Today, five years later, the Tres Amigas is not a reality. The superstation that never came to be might have helped this year (2021) with Texas/New Mexico blackouts inspired by subzero temperatures, but it likely would not have prevented them. It is said that the Tres Amigas project failed to come to fruition was because ERCOT, the Texas power grid, would not agree to connect [7]. Regarding a project like this ever coming to completion, that will depend mainly on energy industry policy and economics.

2.2 The Macro Grid Initiative

In the mid-2020, The Americans for a Clean Energy Grid (ACEG) and the American Council on Renewable Energy (ACORE) launched the Macro Grid Initiative to build support for expanding and upgrading the nation’s transmission network. According to them, a modern Macro Grid will deliver jobs and economic development, a cleaner environment, and lower costs for consumers [8].

The need to improve America’s outdated and fragmented electricity transmission system both to tackle the climate crisis properly and to compete effectively in the 21st-century economy was the primary motivation for ACORE executives. A Macro Grid will allow for better integration of low-cost renewable resources, resulting in a more resilient, competent grid and a dramatic reduction in carbon emissions.

Figure 4. An estimated 2030 balance of power supply and demand for each region of the country. Source: https://www.vox.com/energy-and-environment/2020/6/20/21293952/renewable-energy-power-national-grid-transmission-microgrids

Upgrading the U.S. transmission system is a cost-effective way to alleviate transmission congestion and better integrate new generation. Renewable energy growth accelerates due to competitive prices, higher demand from corporate and residential consumers, and aggressive state renewable energy programs. The initiative will undertake wide-ranging educational efforts in support of transmission expansion to connect areas with low-cost renewable resources to centres of high electric demand. This can be accomplished by connecting grid regions like MISO (Midcontinent Independent System Operator), PJM and SPP (Southwest Power Pool).

Experts in charge believe every supporter of clean energy should support a more robust backbone transmission grid. ACEG looks forward to working with ACORE to explain to the public and policymakers why that is the case and build support for its development. Working out the Macro Grid vision will require new federal, regional, and state policies that recognize the valuable nationwide benefits of an interregional connected transmission network.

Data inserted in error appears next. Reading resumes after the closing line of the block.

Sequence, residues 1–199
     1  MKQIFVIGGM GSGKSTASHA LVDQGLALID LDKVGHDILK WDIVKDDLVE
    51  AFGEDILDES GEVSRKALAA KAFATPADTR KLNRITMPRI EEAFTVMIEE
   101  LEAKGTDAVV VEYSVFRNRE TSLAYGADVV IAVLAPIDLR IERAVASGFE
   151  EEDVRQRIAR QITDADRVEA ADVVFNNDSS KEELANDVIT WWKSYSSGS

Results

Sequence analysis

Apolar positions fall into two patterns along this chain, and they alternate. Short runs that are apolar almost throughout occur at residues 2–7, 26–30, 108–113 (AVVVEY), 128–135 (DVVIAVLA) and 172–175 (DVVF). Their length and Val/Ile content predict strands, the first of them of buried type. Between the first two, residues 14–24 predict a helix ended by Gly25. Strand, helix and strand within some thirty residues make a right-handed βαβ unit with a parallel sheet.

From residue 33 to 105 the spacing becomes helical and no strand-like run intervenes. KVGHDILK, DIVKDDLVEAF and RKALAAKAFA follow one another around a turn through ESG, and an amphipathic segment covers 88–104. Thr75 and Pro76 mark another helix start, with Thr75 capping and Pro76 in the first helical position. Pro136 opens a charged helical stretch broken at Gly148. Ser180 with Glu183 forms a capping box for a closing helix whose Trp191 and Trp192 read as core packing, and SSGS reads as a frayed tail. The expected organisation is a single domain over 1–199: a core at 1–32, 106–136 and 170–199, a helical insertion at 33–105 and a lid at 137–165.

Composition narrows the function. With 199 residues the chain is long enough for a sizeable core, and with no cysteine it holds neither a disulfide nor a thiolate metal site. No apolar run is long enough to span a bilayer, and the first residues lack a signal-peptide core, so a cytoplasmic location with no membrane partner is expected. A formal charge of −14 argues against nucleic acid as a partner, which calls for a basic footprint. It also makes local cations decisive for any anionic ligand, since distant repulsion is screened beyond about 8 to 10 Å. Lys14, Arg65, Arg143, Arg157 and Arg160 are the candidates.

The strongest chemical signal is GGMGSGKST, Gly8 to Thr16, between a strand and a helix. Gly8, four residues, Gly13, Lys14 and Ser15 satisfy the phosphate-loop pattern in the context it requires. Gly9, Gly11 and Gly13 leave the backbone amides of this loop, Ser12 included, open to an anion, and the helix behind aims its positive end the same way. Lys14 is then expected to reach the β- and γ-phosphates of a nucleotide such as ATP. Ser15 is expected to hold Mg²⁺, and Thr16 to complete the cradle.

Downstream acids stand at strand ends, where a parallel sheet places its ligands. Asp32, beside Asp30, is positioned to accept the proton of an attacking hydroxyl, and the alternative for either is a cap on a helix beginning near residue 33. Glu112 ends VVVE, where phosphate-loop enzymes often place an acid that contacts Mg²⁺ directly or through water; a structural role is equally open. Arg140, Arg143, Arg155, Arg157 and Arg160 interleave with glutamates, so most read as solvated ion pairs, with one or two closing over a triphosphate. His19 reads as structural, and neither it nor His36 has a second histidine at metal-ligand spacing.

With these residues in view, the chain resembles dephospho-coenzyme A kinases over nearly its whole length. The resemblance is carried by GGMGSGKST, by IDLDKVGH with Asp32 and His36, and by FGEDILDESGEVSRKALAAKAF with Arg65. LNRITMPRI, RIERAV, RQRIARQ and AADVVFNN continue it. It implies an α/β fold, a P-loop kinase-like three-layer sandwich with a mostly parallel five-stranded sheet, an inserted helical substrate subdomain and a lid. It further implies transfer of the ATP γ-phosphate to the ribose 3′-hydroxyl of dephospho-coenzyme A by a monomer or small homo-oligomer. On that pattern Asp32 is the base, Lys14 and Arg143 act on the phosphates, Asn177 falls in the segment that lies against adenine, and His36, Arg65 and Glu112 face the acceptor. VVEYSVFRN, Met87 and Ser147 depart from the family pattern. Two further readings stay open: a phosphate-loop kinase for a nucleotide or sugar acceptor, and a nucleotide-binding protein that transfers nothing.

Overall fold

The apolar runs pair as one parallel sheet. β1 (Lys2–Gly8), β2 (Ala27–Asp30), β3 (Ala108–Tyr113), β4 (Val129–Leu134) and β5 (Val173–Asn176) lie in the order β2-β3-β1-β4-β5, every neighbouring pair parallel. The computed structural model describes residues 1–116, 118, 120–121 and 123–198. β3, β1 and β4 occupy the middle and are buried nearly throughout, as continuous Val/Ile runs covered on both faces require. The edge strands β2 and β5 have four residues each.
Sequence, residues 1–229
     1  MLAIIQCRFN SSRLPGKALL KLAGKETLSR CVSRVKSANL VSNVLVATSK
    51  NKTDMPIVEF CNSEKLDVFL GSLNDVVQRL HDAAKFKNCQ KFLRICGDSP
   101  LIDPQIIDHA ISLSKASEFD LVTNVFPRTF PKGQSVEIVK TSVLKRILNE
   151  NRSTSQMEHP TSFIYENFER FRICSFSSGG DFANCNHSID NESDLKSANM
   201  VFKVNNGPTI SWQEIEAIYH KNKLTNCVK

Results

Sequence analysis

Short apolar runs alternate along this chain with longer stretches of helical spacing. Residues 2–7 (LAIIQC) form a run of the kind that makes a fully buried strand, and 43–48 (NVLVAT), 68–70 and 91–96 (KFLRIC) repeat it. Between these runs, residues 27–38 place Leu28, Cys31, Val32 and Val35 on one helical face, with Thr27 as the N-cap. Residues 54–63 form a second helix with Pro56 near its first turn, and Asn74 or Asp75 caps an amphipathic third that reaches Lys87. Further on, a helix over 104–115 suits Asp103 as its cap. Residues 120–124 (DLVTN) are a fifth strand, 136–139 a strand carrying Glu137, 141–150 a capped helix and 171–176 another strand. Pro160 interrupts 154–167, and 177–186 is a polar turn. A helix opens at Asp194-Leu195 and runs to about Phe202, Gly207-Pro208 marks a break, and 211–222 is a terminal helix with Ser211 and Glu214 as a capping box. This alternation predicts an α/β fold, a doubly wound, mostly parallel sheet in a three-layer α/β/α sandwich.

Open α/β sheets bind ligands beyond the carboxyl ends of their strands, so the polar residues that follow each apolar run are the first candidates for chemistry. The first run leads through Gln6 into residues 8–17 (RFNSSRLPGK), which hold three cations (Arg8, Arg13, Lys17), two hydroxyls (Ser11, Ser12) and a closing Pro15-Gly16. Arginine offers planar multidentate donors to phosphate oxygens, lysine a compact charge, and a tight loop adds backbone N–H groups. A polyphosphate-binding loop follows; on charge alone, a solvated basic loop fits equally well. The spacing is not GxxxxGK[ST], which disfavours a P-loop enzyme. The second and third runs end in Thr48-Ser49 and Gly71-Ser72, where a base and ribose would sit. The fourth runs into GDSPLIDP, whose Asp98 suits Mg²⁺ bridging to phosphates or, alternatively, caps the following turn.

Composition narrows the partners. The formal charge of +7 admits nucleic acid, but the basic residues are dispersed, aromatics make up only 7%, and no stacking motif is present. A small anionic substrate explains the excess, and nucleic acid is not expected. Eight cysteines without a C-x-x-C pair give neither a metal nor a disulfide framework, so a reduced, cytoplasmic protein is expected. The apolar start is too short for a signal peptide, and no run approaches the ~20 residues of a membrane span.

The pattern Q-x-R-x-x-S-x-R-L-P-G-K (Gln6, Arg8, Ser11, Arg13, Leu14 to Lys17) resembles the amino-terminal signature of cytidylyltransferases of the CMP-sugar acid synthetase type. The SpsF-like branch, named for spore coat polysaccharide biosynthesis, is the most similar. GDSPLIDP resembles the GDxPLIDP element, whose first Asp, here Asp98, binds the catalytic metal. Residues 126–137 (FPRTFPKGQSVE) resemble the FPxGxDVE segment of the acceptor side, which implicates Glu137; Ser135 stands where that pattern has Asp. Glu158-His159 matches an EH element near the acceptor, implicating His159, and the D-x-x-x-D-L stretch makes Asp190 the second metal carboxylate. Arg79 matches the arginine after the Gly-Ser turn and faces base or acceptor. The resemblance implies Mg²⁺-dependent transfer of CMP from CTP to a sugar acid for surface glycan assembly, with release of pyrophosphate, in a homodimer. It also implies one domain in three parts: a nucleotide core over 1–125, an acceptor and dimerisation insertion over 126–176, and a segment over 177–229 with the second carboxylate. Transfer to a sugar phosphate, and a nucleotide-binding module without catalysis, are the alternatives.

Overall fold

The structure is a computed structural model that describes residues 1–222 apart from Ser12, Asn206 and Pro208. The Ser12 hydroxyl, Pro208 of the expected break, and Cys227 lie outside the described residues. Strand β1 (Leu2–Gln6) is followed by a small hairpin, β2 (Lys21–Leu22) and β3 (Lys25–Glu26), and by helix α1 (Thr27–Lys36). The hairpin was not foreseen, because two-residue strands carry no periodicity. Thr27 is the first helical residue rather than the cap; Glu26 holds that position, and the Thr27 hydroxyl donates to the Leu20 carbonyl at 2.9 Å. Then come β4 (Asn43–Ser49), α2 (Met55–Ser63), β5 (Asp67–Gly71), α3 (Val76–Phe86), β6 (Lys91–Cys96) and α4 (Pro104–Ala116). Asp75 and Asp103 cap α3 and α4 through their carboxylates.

3 Conclusion

Electricity is the fuel of the future. And as more and more of daily life is electrified—buildings and transportation are already on their way—the electricity grid will face growing demands and will need to evolve to meet them. One branch of that evolution is “bigger”. The US does not actually have a national grid. It is instead split into three regions—the western interconnection, the eastern interconnection, and Texas—that largely operate independently and exchange very little power.

Several recent studies have already shown the tremendous benefits of expanding the country’s transmission grid. For example:

  • Upgrading and expanding interregional transmission lines would help corporate and institutional buyers, electric utilities, and other consumers meet carbon goals by inexpensively and reliably integrating low-cost renewable energy inputs. Improved transmission will also facilitate increased electrification and ensure grid reliability in the face of new electricity demand patterns.
  • Increasing transmission development at the interfaces between regions could save consumers money and return for every dollar invested by operators.
  • A nationwide HVDC network optimized for the nation’s best solar and wind resources could deliver substantial carbon emission reductions from the grid by 2030.

4 References